Podil fra vandet. Foto: Emil Filtenborg.

The State Agency for Tourism Development of Ukraine plans to launch a trip on the Dnepr from Kyiv to Kaniv in the near future.

Ukraine as a tourist destination arguably has an enormous potential for attracting more visitors than the country does currently. Even the Cold War remnants of Chernobyl and the Strategic Missile Forces Museum are not drawing in huge numbers of tourists, though they are fairly unique on an international level.

At the same time, the pluralism in tourism is not really developed in Ukraine. Naturally, a lot of different people with different interests can find something that suits them in Ukraine. Whether or not they want culture, history, nature, bars, food or all of them, there is something for everyone and for every budget. The infrastructure around it is just poor.

However, the State Agency for Tourism Development of Ukraine has intentions of ridding Ukraine of these challenges. In a near future, for example, they plan on launching a test run of the Kyiv-Kaniv river route along the Dnepr, reports Interfax-Ukraine.

“According to the plan, it will be September 19. We will interview people: how much they are ready to pay for it, how comfortable they are. We recruited very different people in focus groups: both young people and those who work in large companies. This is the first stage to make detailed calculations and make a state program for the resumption of river transport,” she said during a conversation with reporters on Friday.

Kaniv is the city where the famous Ukrainian poet and writer Taras Shevchenko is buried. In 2019, more people visited Karniv than Chernobyl, according to the State Agency.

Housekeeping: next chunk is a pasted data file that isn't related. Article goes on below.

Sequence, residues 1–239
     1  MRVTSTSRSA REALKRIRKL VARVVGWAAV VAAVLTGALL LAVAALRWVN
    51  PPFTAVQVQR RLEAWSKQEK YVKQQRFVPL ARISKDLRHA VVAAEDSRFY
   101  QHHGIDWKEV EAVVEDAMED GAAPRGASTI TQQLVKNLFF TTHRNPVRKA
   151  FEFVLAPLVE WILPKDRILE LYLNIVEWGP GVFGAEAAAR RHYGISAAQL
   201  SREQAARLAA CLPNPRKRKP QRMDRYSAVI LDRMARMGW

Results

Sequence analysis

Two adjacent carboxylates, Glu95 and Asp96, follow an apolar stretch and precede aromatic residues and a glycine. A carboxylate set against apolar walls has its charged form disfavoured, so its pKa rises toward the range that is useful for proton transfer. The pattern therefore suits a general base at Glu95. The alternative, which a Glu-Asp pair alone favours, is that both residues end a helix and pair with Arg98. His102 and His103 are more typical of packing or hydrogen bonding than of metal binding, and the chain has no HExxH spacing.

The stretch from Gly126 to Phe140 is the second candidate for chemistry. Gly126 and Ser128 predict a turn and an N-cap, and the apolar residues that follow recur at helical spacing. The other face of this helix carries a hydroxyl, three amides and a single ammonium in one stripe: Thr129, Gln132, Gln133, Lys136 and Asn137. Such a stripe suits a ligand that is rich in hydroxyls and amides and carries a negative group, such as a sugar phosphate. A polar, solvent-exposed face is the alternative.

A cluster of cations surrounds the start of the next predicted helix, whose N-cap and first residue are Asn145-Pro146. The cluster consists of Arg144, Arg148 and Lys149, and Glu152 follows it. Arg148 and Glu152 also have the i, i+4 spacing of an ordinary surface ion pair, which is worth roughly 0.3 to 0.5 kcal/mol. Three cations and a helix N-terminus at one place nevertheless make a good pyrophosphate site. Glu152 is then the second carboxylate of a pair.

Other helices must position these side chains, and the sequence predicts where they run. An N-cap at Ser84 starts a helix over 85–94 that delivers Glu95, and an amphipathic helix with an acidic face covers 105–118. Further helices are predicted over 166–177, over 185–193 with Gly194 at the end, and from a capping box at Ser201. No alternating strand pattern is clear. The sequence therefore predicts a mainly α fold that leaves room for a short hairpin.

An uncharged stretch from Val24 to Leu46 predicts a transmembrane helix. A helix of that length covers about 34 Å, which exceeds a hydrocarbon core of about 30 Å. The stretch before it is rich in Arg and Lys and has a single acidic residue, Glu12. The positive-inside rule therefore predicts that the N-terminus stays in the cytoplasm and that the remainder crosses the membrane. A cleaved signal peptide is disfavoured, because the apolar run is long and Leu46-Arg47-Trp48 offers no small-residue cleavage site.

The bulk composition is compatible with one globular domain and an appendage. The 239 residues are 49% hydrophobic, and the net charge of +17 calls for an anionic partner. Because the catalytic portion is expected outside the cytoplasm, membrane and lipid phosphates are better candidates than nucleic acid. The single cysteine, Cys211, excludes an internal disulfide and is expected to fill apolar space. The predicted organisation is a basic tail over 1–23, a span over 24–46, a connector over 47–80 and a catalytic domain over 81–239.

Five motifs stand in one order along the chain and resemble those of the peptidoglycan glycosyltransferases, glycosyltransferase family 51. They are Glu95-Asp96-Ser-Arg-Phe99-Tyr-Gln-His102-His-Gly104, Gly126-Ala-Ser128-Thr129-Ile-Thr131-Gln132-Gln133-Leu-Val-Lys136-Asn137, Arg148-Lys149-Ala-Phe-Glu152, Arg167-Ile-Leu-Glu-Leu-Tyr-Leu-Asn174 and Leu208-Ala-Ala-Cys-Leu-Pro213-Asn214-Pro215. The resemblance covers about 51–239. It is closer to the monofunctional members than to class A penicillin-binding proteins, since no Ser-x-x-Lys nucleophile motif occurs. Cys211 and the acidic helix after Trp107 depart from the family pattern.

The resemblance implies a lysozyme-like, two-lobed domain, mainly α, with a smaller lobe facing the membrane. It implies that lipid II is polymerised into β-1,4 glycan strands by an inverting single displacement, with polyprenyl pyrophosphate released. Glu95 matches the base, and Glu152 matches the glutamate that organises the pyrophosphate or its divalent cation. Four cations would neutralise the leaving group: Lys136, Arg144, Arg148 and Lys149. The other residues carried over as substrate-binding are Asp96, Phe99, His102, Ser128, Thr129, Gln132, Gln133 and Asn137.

What else to do?

The Kyiv-Karniv route is not open for visitors yet, but there are still plenty of things to do in and around Kyiv. One of them is Pyrohovo Museum, which Ukraine Nu visited recently. At the museum, which is more a complex of old buildings, curators have gathered 300 significant buildings and monuments from all regions of Ukraine, the oldest of which dates back to a village house from 1587.

If walking in Pyrohovo doesn’t sound interesting to you, Kyiv offers plenty of other options. We are at the end of the Summer, and it will soon be the last chance to comfortably play chess in Shevchenko Park, which is an informal cultural institution that has lasted for decades.

The former president Viktor Yanukovich, who was ousted by the 2014 Maidan Revolution, left behind an enormous palace. Today, the palace is called The Museum of Corruption, and is open for visitors. Expect to spend an entire day there.

Yanukovich lived well, before being ousted. Photo: Stefan Weichert

In central Kyiv, there is a also another palace to visit. Mariinsky Palace is open for visitors again. The palace is located close to the Parliament of Ukraine within walking distance of the two metro stops Arsenalna and Kreshatyk.

If the weather is good, there is a good walk to be had in the Marinsky Park, down to the Parkovy Expo Center and from there through the forest to Friendship of Nations Arch. Go across the bridge, enjoy the view of Podil and the left bank of the Dniper, and venture through the park to Sct. Andrews Church and Andrivskiy Descent, where you can either dine at Kanapa, one of Kyiv’s most famous restaurants, or go down the road to Kontraktova Plosha.

Another good day can be spent at the Mustetskyi Arsenal Museum close to Arsenalna Metro Station and the Pechersk Lavra. This is from an old exhibition. Photo: Emil Filtenborg